She’d never thought of Turk’s paperweights as weapons before. She did now. 

They weren’t enemies, she and Nathan. They simply hadn’t seen each other in years and years. Thirteen years, to be exact. 

And until last September she’d lived in hope of never seeing him again. 

But then his brother Dominic had come to Pelican Cay – and Carin had known it was just a matter of time. 

But months had passed and when Nathan didn’t come, she began to hope. And now, in the space of a single moment, her hopes had been dashed. 

He set the paperweight down and lifted his gaze to study the paintings on the walls – her paintings – and with every slow step, Nathan came closer. 

Ignoring him as best she could, Carin finished wrapping the last piece of sculpture and put it in the bag. “There you go. I do hope you’ll enjoy them — and think of us often. And I hope you’ll come back again.” 

“Oh, we’d love to,” one said. 

“Especially if you start stocking merchandise like that.” The shorter one nodded in Nathan’s direction and started for the door. 

“He’d be some souvenir,” the other agreed with a laugh. She turned to follow, then leaned back toward Carin. “I know you said hell, but he looks pretty much like heaven to me.”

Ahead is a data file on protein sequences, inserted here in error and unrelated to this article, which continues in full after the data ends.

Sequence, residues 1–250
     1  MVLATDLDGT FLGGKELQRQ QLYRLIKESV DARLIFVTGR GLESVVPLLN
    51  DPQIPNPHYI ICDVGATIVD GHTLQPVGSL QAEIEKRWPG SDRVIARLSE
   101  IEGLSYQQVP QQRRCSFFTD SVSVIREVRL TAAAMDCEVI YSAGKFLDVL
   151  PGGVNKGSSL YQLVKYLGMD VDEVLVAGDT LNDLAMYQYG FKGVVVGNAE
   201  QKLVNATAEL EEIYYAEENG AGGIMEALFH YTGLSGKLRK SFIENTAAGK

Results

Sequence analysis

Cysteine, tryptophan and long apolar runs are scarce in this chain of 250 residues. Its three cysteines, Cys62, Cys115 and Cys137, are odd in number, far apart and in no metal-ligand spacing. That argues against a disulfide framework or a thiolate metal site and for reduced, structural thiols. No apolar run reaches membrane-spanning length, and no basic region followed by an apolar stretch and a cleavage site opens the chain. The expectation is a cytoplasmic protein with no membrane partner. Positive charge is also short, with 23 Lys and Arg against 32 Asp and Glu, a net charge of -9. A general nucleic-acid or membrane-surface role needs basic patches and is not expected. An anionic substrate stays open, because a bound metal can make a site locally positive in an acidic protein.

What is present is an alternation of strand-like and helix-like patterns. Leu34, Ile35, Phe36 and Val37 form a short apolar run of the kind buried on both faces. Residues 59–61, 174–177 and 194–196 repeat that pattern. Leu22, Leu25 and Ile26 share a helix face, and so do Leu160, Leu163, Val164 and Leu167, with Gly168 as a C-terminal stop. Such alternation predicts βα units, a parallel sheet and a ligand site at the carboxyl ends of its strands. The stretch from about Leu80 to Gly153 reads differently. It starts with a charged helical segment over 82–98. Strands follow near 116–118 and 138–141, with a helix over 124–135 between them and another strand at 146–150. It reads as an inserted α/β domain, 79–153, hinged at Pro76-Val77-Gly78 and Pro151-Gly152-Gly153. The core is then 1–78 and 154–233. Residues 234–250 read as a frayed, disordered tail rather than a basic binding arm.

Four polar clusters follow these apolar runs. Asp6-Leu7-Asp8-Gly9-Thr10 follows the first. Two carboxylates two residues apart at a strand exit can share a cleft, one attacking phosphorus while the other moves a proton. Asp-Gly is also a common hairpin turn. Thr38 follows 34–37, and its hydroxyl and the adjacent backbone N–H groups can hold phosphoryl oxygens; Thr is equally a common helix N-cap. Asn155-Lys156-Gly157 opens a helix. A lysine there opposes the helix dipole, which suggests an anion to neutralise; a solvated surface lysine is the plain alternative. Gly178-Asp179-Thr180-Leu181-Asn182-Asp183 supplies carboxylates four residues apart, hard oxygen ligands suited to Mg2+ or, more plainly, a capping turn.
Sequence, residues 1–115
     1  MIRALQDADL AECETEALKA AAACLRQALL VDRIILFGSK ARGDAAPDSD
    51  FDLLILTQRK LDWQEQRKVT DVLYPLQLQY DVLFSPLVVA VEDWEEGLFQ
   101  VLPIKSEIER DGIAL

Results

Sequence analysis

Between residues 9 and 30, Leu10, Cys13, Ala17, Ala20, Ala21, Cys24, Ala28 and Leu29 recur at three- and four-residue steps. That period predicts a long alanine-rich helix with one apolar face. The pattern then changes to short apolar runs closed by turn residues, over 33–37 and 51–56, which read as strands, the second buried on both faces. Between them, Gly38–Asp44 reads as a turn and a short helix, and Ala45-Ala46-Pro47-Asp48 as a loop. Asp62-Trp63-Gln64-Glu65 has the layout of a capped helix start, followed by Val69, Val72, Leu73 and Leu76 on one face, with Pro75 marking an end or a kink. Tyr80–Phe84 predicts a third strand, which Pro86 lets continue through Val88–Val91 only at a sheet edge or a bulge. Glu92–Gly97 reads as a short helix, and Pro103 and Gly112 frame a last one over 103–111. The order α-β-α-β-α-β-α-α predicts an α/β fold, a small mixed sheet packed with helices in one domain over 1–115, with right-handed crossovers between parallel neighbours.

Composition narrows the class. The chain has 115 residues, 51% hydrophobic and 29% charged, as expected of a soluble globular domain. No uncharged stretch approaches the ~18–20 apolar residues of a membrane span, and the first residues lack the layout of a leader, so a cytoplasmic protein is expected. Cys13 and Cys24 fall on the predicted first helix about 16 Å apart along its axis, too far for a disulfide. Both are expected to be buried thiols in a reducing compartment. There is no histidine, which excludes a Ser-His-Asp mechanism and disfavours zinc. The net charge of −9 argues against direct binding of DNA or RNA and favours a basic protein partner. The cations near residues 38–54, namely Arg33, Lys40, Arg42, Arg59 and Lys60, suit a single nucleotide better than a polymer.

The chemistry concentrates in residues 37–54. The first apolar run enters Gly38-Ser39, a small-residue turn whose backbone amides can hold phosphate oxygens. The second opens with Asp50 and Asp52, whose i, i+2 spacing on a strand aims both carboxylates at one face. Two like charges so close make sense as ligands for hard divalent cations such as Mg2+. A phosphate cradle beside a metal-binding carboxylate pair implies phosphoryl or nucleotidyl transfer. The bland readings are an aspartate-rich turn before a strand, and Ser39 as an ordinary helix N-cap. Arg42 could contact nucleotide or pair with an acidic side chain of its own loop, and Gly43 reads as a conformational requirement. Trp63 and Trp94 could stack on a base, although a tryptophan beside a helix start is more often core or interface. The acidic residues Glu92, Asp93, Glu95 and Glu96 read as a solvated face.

Then, eying Nathan up and down as she passed, she hurried after her friend. The door opened and banged shut behind them. 

In the rattle and hum of the air conditioner, Carin thought she could hear a bomb ticking. She laced her fingers together and took deep, steadying breaths and tried to gather her thoughts – and her defenses. 

Thirteen years ago she had been in love with this man. Thirteen years ago he had been gentle, kind, boyish, loving – everything that his hard-edged brother, Dominic, the man she had been engaged to marry, had not. 

She’d liked, but she hadn’t loved Dominic Wolfe. He had been her father’s idea of her perfect husband, not hers. But naive girl that she’d been, she’d thought their marriage would work — until she met Nathan. 

Knowing Nathan —loving Nathan — Carin had realized that she couldn’t marry his brother.